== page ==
Welcome to The Gingerbread Bunny! I'm Sarah, a textile artist specialising in crochet and felt based in Wigan in the North-West of England.

On my blog, you can find my day-to-day craft adventures and tutorials.

You can find details of my work for sale and workshops on my website - www.thegingerbreadbunny.co.uk

Saturday, 10 May 2014

Sarah's Simple Crochet Socks

I've crocheted a few pairs of socks, some of them have fit well and others not so well.  When my improvers crochet students asked to learn how to crochet socks, I felt it was time to write up my sock pattern.  It is one which I have developed myself which works for me - hopefully it will work for you to!

Please feel free to share the pattern (if you think it is good) and please leave a comment if you spot any mistakes or think I should make any changes to it.  I'd also love to see any pictures of socks you make from my pattern.

Sarah's Simple Crochet Socks 


100g of yarn and corresponding hooks
(This is a guide – adjust hook sizes as necessary to suit your own tension)

Sock/4ply yarn
3.5mm and 3mm
4mm and 3.5mm
4.5mm and 4mm
5mm and 4.5mm

Stitch Markers – At least 1 that is different to the others

dc – double crochet (insert hook into stitch, yarn round hook, pull through stitch, yarn round hook, pull through loops on hook)
Edc – extended double crochet (insert hook into stitch, yarn round hook, pull through stitch, yarn round hook, pull through 1 loop on hook, yarn round hook, pull through all loops on hook)
dc blo – double crochet  in the back loop of the stitch.
sl st – slip stitch

Making the Pattern Work for You
Although this pattern is written for sock yarn, it is easy to adapt for any weight of yarn. Follow the instructions carefully for working the toe and decreasing for the heel.  Everything else is just the same!
Keep a note of how many rounds you have completed, length of different parts of the sock and any changes you make – this will be useful when making your second sock!

Ch 9

(This should be approximately 4cm long and roughly the distance from your big toe to your middle toe.  If you are using a different weight of yarn, just make sure that your chain is approximately 4cm long and make a note of how many stitches you made and how many rounds worked in the toe section)

    1) Sk first ch, dc into the back bump of each ch (8dc) Place marker in last dc worked.  Rotate work 180° so that you are working into the top of the stitch.  Work 1dc in each stitch (8dc) Place unique marker in last st.  (16dc in total)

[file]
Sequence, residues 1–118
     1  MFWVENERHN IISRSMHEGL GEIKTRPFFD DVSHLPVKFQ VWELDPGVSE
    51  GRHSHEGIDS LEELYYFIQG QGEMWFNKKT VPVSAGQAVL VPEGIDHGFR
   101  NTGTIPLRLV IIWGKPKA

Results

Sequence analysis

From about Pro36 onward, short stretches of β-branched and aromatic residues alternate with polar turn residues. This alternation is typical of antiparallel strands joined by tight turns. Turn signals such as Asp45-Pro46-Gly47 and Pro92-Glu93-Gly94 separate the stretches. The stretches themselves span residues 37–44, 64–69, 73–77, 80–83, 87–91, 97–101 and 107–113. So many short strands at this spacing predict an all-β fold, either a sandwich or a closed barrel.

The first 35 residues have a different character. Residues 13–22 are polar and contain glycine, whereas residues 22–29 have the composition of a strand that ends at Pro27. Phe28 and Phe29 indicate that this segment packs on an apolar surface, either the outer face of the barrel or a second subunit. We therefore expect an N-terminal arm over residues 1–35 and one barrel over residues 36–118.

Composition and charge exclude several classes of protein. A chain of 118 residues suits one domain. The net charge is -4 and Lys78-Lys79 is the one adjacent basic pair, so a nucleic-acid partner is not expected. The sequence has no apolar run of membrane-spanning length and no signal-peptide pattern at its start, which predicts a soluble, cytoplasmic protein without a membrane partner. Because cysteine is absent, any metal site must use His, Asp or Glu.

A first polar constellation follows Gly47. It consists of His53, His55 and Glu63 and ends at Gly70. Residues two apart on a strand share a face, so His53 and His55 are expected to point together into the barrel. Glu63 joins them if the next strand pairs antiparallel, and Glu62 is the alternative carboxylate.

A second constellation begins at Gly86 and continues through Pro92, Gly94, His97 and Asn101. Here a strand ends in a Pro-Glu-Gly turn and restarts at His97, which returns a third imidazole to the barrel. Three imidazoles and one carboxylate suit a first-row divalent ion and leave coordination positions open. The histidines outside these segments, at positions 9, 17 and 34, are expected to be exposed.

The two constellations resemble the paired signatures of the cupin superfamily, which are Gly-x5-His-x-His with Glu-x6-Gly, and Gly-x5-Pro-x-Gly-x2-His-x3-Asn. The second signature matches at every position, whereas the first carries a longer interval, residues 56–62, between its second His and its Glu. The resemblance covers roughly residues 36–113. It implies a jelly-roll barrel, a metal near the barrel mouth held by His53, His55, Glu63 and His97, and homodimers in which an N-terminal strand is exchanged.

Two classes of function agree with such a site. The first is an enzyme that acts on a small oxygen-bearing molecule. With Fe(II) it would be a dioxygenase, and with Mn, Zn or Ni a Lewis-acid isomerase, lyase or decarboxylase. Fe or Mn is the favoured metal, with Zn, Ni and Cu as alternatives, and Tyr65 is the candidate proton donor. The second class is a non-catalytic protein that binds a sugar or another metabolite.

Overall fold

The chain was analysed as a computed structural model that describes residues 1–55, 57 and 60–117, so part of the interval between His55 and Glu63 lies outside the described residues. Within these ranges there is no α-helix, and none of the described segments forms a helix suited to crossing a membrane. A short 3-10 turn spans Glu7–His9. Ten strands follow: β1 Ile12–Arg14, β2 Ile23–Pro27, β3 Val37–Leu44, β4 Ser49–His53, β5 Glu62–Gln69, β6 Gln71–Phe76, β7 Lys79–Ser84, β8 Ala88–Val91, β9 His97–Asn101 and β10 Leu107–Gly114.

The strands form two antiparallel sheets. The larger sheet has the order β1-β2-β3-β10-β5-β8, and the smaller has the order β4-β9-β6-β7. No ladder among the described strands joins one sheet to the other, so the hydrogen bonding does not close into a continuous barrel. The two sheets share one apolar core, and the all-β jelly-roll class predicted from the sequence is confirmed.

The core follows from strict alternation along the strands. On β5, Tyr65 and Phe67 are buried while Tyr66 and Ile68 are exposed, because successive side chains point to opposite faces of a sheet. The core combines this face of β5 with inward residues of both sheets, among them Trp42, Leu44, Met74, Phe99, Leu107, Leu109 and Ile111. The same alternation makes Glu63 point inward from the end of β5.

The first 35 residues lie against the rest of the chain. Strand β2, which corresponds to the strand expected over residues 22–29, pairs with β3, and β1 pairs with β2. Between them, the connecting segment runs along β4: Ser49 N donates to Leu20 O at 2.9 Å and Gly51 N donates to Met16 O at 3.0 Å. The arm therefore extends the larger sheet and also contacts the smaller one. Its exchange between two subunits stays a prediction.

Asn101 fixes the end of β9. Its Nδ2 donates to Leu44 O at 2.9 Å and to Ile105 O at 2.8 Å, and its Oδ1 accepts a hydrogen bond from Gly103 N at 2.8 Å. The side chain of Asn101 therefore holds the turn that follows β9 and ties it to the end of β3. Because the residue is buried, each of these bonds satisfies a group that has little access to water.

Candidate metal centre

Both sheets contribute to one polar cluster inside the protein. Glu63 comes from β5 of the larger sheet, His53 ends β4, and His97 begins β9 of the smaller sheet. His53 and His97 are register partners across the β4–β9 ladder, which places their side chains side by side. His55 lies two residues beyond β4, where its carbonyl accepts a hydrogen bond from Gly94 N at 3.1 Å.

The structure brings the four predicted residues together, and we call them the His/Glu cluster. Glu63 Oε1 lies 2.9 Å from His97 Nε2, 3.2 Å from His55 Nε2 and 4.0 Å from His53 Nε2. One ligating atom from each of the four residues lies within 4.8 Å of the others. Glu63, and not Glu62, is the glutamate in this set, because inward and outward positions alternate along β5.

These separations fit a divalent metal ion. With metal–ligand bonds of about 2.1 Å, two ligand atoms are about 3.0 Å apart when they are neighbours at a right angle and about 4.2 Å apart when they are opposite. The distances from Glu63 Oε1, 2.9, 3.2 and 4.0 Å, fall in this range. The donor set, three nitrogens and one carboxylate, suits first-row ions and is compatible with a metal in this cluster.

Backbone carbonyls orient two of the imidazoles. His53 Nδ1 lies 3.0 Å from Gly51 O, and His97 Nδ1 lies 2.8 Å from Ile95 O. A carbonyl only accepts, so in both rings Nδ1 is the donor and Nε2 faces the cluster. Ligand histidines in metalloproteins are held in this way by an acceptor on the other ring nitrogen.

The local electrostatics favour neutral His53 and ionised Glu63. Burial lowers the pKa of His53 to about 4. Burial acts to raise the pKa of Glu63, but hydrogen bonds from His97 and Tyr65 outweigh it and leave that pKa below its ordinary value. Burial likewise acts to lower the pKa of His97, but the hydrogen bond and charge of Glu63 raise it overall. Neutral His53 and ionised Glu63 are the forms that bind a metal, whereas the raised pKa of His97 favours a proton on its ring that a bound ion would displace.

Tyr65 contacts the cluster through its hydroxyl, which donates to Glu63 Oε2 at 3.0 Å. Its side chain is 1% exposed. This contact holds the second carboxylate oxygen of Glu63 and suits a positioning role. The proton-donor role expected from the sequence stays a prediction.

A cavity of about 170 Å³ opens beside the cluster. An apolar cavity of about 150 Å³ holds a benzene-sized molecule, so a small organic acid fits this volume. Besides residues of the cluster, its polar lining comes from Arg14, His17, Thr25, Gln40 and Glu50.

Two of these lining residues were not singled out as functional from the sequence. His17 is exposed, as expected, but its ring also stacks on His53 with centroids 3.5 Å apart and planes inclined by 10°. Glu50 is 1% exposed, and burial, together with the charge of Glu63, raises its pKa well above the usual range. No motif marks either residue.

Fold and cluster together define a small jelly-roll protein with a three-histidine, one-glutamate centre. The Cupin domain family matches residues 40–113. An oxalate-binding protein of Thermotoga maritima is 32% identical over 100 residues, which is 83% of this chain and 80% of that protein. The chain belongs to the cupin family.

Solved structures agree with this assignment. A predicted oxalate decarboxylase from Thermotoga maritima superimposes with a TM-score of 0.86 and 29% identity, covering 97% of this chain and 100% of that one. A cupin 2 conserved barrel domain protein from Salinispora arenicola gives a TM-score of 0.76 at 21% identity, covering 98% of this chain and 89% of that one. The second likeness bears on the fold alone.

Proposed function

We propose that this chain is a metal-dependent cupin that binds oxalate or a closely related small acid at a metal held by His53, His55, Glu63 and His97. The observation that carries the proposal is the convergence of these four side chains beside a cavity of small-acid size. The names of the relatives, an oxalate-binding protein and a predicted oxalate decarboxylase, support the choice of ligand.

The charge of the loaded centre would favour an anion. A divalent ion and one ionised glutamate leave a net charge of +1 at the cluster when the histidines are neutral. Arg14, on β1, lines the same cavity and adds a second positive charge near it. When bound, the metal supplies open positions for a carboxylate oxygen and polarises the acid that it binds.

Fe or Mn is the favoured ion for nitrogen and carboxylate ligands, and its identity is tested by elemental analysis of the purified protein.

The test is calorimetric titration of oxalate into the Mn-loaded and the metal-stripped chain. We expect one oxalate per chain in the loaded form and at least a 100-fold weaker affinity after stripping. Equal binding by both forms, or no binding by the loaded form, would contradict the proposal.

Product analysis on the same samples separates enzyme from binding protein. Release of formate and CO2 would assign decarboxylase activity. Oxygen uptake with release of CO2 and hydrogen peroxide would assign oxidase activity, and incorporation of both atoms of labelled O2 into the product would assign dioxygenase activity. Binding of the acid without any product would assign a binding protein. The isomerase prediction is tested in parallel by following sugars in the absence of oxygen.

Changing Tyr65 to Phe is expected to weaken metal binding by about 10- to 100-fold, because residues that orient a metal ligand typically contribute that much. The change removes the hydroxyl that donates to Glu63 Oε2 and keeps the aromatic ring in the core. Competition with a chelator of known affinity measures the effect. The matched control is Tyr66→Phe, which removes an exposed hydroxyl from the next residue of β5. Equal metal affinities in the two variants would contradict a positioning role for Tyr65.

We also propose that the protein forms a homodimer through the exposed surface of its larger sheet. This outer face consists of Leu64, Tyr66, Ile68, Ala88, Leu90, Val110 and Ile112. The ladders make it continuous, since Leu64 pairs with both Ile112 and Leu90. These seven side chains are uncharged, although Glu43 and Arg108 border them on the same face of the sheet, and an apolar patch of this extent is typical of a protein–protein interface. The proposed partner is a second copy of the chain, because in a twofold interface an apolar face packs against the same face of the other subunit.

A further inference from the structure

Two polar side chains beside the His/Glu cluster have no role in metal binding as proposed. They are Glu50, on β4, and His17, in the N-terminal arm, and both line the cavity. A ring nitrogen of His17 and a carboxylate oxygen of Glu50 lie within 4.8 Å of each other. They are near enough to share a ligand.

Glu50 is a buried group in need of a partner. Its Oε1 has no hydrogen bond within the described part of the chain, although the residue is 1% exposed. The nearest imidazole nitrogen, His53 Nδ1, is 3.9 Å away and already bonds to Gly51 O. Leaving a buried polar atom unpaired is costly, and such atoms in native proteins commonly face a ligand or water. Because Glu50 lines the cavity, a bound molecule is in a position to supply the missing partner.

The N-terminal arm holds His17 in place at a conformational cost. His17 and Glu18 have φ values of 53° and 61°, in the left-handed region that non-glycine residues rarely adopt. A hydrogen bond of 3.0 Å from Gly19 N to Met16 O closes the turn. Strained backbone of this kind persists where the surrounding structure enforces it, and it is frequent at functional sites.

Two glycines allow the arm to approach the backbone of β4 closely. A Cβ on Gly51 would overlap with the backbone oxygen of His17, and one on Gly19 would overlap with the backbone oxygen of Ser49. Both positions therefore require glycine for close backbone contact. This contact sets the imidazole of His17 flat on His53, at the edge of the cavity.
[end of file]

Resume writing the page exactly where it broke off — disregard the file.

Mark the last st on each side with different markers

    2) 2dc in next st, work 1 dc in each st to the last st before the next marker.  Work 2dc in this st, 1 dc in marked st (move marker up), 2dc in next st.  1dc in each st to the last st before unique marker.  2dc in this st, 1 dc in marked st (move marker up).

Repeat the increase round 7 more times (48 stitches) 

The toe should fit snugly over the toes.  You don’t want this to be too big!
Too big – work less rounds                            Too small – work more rounds


The foot is worked in a spiral – do not join at the end of each round.  Remove the markers from the toe and use 1 to mark the first st of the round.  Move this up with each round.

       3) Work 1 Edc into each stitch of the round

Repeat row 3 until the foot of your sock is the desired length.

It should reach just past the middle of the arch of your fit when stretched a little. 
(Mine measured 16cm from the tip of the toe for a UK size 7 shoe size)

Fold the foot flat so that it looks like the bottom of the foot.  Place markers where the foot folds on the left and right of your work.  

    4) Edc in each st until you reach the 1st marker (work in the marked stitch).  Turn


5)  Ch1, dc in each st to the opposite marker (work the marked st), turn
     6) Ch1, dc in each st until the last st (this will be your marked st), skip this st, turn

    Repeat row 6 until you have 9 stitches left (or the same number of stitches that you chained at the start of the sock)


    Use markers to mark the unworked st of the previous row.  Move this down as you work each row – this will help you to see the stitch as it can often seem too far away and get lost!

    7)   Turning Row:  ch1, dc in each st across, word 1dc in the side of the previous row and 1 dc in the unworked dc of the previous row.  Turn

Stitches worked in the side and unworked stitch from previous row

Repeat row 7 until you reach the last round before heel shaping began.

     The leg is worked in spiral rounds. Mark the first st of each round.  Move the marker up as you work.

   8)   Ch1, turn, work 1 Edc in each st round

    Repeat row 8 until leg is desired length.


   We are going to work in rows at 90° to our sock.
   Switch to your smaller hook (0.5mm smaller) – this will give you a slightly tighter cuff.

    9)    Ch11 (If you want a longer cuff then chain more stitches)


    10)     dc in 2nd ch from hook, dc in each st until you reach the sock.  Sl st to the base st on the leg of your sock, sl st into the next st on the leg of your sock. (10dc) Turn

11)    dc blo in each st (10dc) , ch1, turn, dc blo (10 dc), sl st in the next st on the leg of your sock, sl st in next st on the leg of your sock.  

   Repeat row 11 round the top of your sock until you reach the start of your cuff.  Fasten off leaving a long tail. 

   Use long tail to join the start and finishing row of your cuff together with a whipstitch. Weave in all ends. 

    Make your second sock in the same way – wear and enjoy!

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